They lost everything so when my husband could he left school at 11 (compulsory until at least that age) and went to work with an uncle on a fishing boat. He later worked the fields with builders and shepherds not going home in weeks. When he eventually went home he found work with a building site, come pay day he was expected to kiss the hand of the " boss" he refused. His mother said he had to do it but he was adament  that was what  he wasn't going to do. When he was a bit older the role of provider arose as his father was unemployed . He tried every way he could to get a decent job but coming up from Sicily to Piemonte he came upon problems. In those days sicilians werent  welcome and made no bones about telling them so. He went into the oldest bar in this village and they threw him out. ( quietly telling himself he would buy it one day)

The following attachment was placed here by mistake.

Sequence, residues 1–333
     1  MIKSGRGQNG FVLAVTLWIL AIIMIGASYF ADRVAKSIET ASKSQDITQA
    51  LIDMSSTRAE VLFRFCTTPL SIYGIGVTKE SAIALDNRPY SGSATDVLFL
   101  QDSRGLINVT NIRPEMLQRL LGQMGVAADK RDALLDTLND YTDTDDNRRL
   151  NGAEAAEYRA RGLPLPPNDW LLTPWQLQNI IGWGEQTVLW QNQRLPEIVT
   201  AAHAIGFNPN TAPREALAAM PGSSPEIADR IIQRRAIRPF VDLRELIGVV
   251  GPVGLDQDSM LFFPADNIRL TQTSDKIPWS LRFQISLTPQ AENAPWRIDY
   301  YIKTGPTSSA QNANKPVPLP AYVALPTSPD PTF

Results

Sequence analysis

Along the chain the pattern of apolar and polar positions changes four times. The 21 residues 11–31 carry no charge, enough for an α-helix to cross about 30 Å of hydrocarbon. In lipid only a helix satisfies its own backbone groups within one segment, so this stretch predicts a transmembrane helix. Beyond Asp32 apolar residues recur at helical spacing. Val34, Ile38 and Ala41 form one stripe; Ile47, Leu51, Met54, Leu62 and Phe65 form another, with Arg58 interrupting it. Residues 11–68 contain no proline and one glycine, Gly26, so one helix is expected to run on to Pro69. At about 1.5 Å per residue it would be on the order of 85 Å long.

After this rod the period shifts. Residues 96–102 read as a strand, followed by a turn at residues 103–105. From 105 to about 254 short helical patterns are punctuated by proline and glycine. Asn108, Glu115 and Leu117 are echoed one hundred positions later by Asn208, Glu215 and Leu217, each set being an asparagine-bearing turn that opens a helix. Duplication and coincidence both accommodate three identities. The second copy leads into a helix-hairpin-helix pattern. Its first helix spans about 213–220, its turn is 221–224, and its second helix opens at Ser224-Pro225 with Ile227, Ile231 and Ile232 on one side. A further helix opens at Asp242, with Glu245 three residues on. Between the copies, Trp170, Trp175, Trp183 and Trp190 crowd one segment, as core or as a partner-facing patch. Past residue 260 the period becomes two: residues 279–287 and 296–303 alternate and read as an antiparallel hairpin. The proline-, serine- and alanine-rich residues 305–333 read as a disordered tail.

However he did manage eventuall y to get a job  and when he could he made the decision to try in UK and ended up in Jersey from there to Nottm. We had only been married a few years when he opened his first restaurant. After that he opened 4 more. We returned to Italy in 2000 and he bought the bar as he said he would.

So after a very traumatic beginning he succeded and I'm very proud of him. So if someone is determined to work hard they will work. Jobs dont fall off trees you have to search for them as theres always a job how ever humble.

Theres no dole money here. Study study study is the norm here but then at the end students cant find jobs. Many will do bar work or waitering , builders mates etc anything that brings in money. There arent many youngsters that live off their parents because many dont have the earnings to support them.